Skip to Full Menu

Providing information, education, and training to build knowledge, develop skills, and change attitudes that will lead to increased independence, productivity, self determination, integration and inclusion (IPSII) for people with developmental disabilities and their families.

Grassroots Disability Groups Lead Reform Efforts In Korea
By Dave Reynolds, Inclusion Daily Express
May 19, 2005

SEOUL, SOUTH KOREA--Every April 20, the South Korean government holds highly-publicized events honoring some of its citizens for "overcoming" their disabilities.

By some accounts, it's a splendid festival with heart-warming stories and lots of good food.

So, why does a coalition of 68 disability organizations hold rallies and demonstrations for a month to protest the event?

"For 364 days we are treated like dogs, staying trapped at home, isolated from all aspects of society, and on one day, April 20, the government treats us to a festival with rice cake and media attention. Do you think we enjoy this?" asked a member of the Joint Association Struggling for the Human Rights of the Disabled.

The groups decided to unite two years ago, convinced that only through grassroots activism could things change for the better. They noted that anti-discrimination laws such as the Americans with Disabilities Act and the Disability Discrimination Acts in Australia and the United Kingdom only exist because of the work of disability rights advocates.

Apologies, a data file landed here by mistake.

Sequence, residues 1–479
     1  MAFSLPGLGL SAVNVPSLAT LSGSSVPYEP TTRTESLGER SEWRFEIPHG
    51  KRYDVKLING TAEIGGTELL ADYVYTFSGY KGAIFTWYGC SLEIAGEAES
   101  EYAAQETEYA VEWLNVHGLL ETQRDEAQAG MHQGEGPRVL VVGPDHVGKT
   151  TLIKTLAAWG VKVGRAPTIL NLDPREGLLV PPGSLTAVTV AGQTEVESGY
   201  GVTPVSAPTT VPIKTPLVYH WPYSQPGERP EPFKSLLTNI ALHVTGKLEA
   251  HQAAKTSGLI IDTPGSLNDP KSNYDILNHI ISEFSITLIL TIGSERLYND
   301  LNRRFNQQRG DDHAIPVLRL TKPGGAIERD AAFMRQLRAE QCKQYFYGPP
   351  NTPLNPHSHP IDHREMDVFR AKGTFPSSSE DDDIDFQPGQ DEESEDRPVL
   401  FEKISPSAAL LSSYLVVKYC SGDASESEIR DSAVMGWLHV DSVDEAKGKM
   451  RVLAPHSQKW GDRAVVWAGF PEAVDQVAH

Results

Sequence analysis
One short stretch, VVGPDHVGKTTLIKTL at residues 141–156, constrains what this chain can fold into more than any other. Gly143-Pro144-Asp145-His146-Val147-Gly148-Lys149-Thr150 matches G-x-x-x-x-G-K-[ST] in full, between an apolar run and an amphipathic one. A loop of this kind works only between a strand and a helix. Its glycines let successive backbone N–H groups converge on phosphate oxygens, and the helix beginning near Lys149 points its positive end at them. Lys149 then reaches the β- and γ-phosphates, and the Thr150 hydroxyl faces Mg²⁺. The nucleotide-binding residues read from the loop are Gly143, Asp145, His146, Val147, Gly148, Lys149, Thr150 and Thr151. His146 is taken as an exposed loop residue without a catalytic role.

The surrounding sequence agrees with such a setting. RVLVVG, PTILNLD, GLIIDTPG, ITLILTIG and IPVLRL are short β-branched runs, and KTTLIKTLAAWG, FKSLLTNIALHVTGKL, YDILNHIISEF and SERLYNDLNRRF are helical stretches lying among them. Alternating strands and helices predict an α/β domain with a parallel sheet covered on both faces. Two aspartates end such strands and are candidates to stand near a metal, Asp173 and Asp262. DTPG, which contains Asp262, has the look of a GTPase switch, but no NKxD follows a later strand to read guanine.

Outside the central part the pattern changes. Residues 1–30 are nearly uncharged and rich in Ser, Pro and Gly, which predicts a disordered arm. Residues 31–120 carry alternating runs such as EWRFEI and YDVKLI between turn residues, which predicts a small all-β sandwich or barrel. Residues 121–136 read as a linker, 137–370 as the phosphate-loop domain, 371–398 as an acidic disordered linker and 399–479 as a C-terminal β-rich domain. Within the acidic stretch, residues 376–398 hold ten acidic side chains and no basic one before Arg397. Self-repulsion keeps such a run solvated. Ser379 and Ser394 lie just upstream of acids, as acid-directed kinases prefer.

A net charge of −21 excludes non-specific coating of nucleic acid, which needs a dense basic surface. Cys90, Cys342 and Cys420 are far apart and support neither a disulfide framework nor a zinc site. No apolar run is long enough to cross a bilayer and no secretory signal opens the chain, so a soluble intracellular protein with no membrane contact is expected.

The Korea Herald this week ran a two-part story on the activism that these Koreans use toward improving accessibility, education, community living, employment and other aspects of life that people without disabilities take for granted.

"The hardest thing for me is the barrier that society imposes on us. Because everything is set to the standard of non-disabled persons, all aspects of society isolates and ostracizes us," Kim Gyung-tae, an association member who has cerebral palsy, told the Herald. "The physical inconvenience is something I get used to, but the psychological hardship that I go through is immense."

Related:
"A changing world for the disabled?" (Korea Herald)
"Disabled hope for infrastructure for support" (Korea Herald)

---

©2017 The Minnesota Governor's Council on Developmental Disabilities
 370 Centennial Office Building  658 Cedar Street   St. Paul, Minnesota 55155 
Phone: 651.296.4018   Toll-free number: 877.348.0505   MN Relay Service: 800.627.3529 OR 711   Fax: 651.297.7200 
Email: admin.dd@state.mn.us   View Privacy Policy   An Equal Opportunity Employer 

The GCDD is funded under the provisions of P.L. 106-402. The federal law also provides funding to the Minnesota Disability Law Center,the state Protection and Advocacy System, and to the Institute on Community Integration, the state University Center for Excellence. The Minnesota network of programs works to increase the IPSII of people with developmental disabilities and families into community life.